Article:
595 F2d 1111 Guffey v. Borden Inc

595 F.2d 1111

Donald A. GUFFEY, Plaintiff-Appellee,
BORDEN, INC., Defendant-Appellant.

No. 77-1024.

United States Court of Appeals,
Fifth Circuit.

May 25, 1979.

John M. Smith, Longview, Tex., for defendant-appellant.

Jim Ammerman, Don Stokes, Marshall, Tex., for plaintiff-appellee.

Appeal from the United States District Court for the Eastern District of Texas.

Before WISDOM, COLEMAN and RONEY, Circuit Judges.

RONEY, Circuit Judge:

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In this Texas diversity action, plaintiff Donald Guffey, while delivering a truck load of warm liquid wax to defendant's plant, slipped on wax that had spilled to the ground and seriously injured himself. The jury found defendant 100% Negligent and awarded Guffey $200,000 in damages. Concluding that the evidence is insufficient to support a finding of 100% Negligence on the part of defendant, and that Guffey's negligence necessarily contributed to his accident, we reverse and remand for a new trial.


On the day of the accident, warm liquid wax was being transferred from Guffey's truck to Borden's tanks by means of hoses coupled by a device known as a "quick latch." In order to check whether the wax was flowing properly, Guffey, who by industry custom was solely responsible for the operation, climbed on top of the truck, bled off pressure, and peered into the truck to determine whether the level of wax was dropping.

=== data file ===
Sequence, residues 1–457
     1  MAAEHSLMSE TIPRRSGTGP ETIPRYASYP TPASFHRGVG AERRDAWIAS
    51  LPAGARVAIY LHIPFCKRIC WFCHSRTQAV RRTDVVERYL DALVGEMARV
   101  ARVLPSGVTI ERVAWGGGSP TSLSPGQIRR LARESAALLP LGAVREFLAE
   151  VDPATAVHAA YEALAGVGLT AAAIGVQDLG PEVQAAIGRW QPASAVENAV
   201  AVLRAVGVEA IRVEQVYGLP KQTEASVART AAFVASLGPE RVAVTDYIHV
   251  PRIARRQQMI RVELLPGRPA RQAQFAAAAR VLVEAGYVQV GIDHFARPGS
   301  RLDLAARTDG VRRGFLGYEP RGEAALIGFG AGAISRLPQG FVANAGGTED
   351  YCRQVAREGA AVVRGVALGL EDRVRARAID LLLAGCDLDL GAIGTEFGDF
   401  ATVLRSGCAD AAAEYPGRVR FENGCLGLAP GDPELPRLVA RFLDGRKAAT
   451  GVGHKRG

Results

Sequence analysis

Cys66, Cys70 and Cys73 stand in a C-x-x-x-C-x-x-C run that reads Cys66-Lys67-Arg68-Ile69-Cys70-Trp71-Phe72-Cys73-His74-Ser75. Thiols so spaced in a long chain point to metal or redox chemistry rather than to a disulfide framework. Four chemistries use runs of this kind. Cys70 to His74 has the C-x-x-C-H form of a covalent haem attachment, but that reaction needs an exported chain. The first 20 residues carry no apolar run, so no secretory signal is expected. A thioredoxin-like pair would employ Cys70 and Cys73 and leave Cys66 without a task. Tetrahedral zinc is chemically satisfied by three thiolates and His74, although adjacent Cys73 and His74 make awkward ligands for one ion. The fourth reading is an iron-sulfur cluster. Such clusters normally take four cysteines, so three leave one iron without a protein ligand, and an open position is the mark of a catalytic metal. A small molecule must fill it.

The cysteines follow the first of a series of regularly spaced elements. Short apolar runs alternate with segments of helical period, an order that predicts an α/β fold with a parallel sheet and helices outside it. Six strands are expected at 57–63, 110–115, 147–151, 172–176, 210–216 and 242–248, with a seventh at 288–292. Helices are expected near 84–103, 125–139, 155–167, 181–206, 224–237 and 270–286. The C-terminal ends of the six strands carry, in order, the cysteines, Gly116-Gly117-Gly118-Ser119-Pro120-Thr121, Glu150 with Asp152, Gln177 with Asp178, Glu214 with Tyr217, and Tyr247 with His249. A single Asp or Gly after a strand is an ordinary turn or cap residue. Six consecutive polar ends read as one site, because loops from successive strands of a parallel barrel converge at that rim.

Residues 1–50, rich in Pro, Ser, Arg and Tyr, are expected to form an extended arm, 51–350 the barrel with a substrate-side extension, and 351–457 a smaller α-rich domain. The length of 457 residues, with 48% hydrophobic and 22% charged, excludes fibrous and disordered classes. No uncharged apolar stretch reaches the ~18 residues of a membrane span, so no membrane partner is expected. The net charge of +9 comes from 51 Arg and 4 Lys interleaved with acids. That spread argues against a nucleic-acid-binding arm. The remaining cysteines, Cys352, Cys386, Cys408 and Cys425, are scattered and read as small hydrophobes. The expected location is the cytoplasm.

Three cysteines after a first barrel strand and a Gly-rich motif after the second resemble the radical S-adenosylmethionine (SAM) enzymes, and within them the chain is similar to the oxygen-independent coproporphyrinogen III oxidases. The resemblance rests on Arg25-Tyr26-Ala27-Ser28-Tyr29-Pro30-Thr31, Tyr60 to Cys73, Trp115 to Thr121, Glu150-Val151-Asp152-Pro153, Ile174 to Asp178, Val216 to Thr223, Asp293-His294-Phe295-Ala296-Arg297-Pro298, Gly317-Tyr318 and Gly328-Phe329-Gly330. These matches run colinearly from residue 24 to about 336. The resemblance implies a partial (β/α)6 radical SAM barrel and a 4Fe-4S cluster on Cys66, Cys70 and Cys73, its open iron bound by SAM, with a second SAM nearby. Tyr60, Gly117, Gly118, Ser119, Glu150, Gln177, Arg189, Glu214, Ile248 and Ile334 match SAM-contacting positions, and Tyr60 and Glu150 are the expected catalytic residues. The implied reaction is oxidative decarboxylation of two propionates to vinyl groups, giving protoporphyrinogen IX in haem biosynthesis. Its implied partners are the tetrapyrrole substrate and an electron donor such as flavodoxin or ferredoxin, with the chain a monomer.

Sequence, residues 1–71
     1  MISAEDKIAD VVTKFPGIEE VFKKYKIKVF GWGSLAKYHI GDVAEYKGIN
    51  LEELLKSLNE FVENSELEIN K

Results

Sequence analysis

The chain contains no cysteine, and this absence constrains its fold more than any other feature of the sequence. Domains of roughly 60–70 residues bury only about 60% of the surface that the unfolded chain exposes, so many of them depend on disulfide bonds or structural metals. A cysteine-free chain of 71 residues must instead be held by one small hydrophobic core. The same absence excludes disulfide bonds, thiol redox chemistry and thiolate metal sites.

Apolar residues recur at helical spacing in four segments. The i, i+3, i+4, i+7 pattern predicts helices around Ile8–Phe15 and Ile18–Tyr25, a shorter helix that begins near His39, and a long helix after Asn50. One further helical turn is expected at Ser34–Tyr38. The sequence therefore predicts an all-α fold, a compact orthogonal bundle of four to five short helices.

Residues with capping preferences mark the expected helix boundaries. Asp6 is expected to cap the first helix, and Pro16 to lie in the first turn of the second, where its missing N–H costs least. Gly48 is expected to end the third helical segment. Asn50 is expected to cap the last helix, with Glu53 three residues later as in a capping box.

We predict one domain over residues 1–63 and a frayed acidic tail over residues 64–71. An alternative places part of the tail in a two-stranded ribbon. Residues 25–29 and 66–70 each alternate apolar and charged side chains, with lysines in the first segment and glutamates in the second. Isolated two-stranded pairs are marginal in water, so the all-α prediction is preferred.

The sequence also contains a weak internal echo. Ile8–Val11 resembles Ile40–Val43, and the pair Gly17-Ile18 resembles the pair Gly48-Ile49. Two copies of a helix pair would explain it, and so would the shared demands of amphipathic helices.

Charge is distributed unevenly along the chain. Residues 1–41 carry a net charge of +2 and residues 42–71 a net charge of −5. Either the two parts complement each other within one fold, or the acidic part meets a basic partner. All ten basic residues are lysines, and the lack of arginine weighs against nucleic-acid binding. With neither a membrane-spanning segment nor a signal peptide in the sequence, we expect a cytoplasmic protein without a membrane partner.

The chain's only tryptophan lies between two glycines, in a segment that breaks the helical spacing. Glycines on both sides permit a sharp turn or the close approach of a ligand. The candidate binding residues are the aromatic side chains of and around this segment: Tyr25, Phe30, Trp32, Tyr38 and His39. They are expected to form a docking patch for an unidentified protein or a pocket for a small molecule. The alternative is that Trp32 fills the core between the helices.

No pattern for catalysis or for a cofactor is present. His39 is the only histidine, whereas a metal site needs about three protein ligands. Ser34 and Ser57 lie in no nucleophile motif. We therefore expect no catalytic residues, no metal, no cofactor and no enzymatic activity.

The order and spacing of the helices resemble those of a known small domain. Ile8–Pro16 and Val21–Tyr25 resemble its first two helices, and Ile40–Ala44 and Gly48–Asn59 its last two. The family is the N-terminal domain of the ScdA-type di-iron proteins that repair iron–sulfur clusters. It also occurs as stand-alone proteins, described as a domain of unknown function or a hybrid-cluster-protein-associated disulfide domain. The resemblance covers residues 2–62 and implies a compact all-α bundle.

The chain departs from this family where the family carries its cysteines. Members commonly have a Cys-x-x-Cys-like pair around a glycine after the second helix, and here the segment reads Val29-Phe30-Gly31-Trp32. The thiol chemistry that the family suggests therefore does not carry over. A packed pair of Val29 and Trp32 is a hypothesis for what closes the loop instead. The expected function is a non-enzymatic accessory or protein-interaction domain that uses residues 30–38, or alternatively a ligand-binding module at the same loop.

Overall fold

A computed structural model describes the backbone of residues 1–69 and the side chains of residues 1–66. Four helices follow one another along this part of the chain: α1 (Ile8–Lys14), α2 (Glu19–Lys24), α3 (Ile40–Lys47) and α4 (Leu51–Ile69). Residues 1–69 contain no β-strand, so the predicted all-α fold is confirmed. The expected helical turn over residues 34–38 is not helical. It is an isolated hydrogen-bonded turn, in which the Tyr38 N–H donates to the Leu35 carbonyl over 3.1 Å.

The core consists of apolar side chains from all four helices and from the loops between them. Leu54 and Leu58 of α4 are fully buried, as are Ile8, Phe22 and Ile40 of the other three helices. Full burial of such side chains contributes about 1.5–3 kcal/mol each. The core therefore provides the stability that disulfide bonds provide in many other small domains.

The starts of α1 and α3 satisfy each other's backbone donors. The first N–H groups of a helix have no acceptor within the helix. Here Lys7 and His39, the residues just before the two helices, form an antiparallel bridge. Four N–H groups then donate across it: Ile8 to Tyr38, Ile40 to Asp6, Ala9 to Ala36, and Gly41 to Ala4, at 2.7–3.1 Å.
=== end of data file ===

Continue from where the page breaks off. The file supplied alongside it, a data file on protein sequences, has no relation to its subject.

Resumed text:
While Guffey was thus occupied, the Borden employee charged with supervising the unloading docks became concerned about a small leak of wax coming from the hose coupling. This employee applied pressure to the connection and the latch disengaged. As a result, a 3-inch stream of wax gushed forth creating a spill which covered an 8-foot by 10-foot area.


Seeing this situation, Guffey climbed down from his truck to turn off the safety valve on the truck and thus prevent the wax in the truck from further discharging through the hose to the ground. He stepped into some wax but did not fall. Having shut off the safety valve, Guffey walked to the place where the uncoupled hose was lying in the pool of wax and reached down to pick it up. He slipped, fell, and injured his back. As a result of his back injury, Guffey underwent two unsuccessful operations and faces a third. He suffered considerable pain and testified that he was unable to continue driving a truck.


The jury returned a verdict for plaintiff, finding that Borden was negligent but Guffey was not. Had both Borden and Guffey been found negligent, the jury would have had to apportion liability under Texas' comparative negligence statute. Tex.Rev.Civ.Stat.Ann. art. 2212a § 1 (Vernon). The district court denied a motion for a new trial and a judgment notwithstanding the verdict. On appeal, Borden challenges the sufficiency of the evidence to support the jury verdict.